49 Fed. Reg. 13,659 (April 5, 1984). A "facility" is defined in § 61.141 as "any institutional, commercial, or industrial structure, installation, or building (excluding apartment buildings having no more than four dwelling units)." Thus, it is clear that the regulations are intended to apply, and by their plain wording do apply, both to the owner of the building being demolished and the operator of the demolition operation.

 Courts show "considerable deference" to the interpretation of a statute made by the officer charged with its administration. Ethyl Corp. v. Environmental Protection Agency, 176 U.S. App. D.C. 373, 541 F.2d 1, 31 n.64 (D.C. Cir.), cert. denied, 426 U.S. 941, 96 S. Ct. 2663, 49 L. Ed. 2d 394 (1976). The same, if not greater, deference should be accorded to the EPA's interpretation of its own regulations. *fn2" The EPA's interpretation of its own regulations is reasonable in terms of both the language of the regulations and the purpose of the Clean Air Act. The regulations in question apply to "each owner or operator of a demolition or renovation operation." 40 C.F.R. § 61.145. By the use of the word "each," it is clear that the regulation can be applied to more than one party at a given demolition site. "Owner or operator" is defined broadly for purposes of the asbestos regulations as "any person who owns, leases, operates, controls, or supervises a stationary source." 40 C.F.R. § 61.02. A "stationary source" is "any building, structure, facility, or installation which emits or may emit any air pollutant which has been designated as hazardous by the [EPA]." 40 C.F.R. § 61.02. Although a demolition operation is an activity rather than an object, it is an activity that only occurs in relation to a particular object, in this case the buildings being demolished. Thus, the demolition operation itself is the "stationary source" to which the regulations apply since it is the demolition of a particular building which the regulations seek to control. The owner of the demolition operation is the owner of the building since it owns the source from which the pollution emanates.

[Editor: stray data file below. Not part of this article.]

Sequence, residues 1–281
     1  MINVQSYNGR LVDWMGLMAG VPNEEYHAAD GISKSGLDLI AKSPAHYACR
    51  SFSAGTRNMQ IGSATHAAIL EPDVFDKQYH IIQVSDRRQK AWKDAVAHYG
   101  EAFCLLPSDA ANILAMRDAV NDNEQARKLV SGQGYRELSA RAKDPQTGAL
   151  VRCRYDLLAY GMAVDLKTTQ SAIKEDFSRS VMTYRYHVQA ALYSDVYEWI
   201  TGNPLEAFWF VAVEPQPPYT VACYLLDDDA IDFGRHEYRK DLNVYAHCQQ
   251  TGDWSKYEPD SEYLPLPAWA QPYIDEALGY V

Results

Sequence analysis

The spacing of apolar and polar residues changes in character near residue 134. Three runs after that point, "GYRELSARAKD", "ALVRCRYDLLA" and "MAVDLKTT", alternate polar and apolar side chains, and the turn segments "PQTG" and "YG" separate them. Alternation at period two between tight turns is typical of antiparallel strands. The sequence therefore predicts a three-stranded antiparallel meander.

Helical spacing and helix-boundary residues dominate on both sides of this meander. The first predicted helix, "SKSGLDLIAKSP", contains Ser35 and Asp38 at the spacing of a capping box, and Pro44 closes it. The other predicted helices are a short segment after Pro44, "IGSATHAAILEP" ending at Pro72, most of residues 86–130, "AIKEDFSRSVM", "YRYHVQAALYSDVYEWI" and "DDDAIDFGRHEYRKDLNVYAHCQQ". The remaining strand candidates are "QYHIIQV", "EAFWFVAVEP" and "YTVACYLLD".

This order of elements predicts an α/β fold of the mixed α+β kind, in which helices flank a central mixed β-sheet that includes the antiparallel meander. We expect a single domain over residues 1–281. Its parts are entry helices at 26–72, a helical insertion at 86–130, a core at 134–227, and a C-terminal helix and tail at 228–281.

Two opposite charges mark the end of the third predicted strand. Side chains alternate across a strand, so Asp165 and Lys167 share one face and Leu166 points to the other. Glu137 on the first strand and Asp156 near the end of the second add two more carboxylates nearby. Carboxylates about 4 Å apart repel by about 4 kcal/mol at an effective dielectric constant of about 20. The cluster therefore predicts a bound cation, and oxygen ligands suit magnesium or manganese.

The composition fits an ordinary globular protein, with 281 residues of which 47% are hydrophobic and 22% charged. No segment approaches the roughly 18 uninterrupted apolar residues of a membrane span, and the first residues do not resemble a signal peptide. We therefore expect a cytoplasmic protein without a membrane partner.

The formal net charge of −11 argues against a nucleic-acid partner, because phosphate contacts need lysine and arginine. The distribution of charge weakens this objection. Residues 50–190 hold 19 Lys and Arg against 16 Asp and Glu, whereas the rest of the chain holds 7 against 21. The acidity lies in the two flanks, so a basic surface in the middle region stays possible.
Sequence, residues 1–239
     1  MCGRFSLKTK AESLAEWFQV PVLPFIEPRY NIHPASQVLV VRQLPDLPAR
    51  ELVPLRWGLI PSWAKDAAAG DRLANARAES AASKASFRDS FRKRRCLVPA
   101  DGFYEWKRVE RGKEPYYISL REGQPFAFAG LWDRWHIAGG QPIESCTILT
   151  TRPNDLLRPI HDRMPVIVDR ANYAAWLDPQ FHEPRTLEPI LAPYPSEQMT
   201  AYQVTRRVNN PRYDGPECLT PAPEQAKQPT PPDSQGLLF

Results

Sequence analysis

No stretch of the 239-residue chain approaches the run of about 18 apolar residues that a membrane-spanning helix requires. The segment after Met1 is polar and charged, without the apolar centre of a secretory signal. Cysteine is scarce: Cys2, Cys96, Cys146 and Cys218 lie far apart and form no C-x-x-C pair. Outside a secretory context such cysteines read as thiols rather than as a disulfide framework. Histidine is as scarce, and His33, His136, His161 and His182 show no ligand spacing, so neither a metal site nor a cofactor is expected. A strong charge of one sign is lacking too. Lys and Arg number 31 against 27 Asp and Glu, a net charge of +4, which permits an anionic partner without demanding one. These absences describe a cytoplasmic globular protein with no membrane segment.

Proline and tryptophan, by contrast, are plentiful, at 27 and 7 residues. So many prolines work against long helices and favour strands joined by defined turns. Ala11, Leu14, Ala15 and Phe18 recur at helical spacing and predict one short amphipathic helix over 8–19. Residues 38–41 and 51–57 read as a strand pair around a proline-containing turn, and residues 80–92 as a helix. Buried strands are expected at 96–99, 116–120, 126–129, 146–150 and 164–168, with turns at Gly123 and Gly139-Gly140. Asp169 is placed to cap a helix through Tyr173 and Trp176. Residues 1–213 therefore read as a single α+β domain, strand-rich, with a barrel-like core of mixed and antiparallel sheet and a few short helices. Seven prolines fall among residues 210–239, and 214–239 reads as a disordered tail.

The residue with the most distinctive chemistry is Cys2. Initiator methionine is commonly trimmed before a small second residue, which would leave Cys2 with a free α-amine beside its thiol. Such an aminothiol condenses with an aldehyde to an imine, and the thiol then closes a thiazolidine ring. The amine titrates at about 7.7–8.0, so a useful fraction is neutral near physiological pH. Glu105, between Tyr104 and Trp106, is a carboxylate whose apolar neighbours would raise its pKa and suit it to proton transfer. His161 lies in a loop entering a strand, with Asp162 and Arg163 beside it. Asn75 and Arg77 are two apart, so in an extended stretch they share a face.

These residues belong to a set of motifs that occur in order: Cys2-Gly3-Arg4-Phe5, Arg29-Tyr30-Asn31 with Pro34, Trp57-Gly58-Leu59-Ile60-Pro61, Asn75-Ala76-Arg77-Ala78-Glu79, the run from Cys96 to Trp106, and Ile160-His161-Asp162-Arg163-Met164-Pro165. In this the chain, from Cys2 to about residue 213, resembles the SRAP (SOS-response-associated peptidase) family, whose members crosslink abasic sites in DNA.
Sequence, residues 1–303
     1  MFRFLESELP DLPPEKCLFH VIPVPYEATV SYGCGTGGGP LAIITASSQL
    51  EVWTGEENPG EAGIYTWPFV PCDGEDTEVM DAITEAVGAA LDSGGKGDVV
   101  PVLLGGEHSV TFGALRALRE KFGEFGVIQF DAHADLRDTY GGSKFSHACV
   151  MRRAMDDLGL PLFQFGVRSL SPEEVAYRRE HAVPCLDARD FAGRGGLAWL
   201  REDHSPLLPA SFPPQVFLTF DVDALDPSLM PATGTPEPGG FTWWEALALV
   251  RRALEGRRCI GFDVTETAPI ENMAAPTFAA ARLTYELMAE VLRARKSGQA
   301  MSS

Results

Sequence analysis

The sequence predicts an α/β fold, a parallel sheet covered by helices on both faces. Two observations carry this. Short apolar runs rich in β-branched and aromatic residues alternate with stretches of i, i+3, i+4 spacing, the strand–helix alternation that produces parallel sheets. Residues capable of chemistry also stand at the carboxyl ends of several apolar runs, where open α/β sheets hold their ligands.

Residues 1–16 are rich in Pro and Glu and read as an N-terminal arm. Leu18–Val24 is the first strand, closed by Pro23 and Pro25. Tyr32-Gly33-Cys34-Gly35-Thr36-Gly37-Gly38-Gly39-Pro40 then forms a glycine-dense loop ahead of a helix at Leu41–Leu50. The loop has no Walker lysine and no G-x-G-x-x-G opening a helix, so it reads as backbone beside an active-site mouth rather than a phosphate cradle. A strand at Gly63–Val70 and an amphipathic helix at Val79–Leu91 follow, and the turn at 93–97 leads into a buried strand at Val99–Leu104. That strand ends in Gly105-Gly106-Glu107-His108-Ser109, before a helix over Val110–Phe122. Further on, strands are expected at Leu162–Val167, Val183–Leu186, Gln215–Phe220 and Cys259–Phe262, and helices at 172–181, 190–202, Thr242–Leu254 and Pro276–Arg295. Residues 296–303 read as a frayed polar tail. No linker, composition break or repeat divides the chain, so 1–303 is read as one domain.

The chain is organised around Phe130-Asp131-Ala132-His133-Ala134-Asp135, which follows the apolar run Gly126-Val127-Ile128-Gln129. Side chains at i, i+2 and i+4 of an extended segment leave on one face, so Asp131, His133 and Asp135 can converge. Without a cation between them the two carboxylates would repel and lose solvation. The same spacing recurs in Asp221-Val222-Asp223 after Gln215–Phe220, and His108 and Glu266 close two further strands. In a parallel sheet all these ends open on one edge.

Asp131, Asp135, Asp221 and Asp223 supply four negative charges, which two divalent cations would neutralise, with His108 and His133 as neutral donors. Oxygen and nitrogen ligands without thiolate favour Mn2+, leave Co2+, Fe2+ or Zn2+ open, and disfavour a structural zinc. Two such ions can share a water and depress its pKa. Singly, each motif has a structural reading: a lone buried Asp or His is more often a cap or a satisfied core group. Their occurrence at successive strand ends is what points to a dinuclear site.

Interpreting the asbestos regulations to apply to the owner of a building being demolished also furthers the purposes of the Clean Air Act by insuring that owners of property act responsibly in disposing of their buildings. The regulations prevent the owner of a building from avoiding liability for hazardous substances present in a building by merely contracting with another party to demolish the building. Amstar's third affirmative defense is entirely without legal merit and will be stricken.

 Amstar's fourth affirmative defense states that "by operation of the terms of the contract between Amstar and Geppert, all buildings to be demolished at the refinery, including any asbestos in them, were owned and controlled solely by Geppert Bros. Inc." The contract, attached as an exhibit to Amstar's answer to the complaint, provides that Geppert will demolish certain "improvements" on Amstar's property and in return will be entitled to the proceeds of the sale of any salvagable materials. Amstar argues that since Geppert was entitled to the proceeds from the sale of the material salvaged from the demolished buildings that Geppert, not Amstar, owned the buildings and that therefore Geppert, not Amstar, was the ...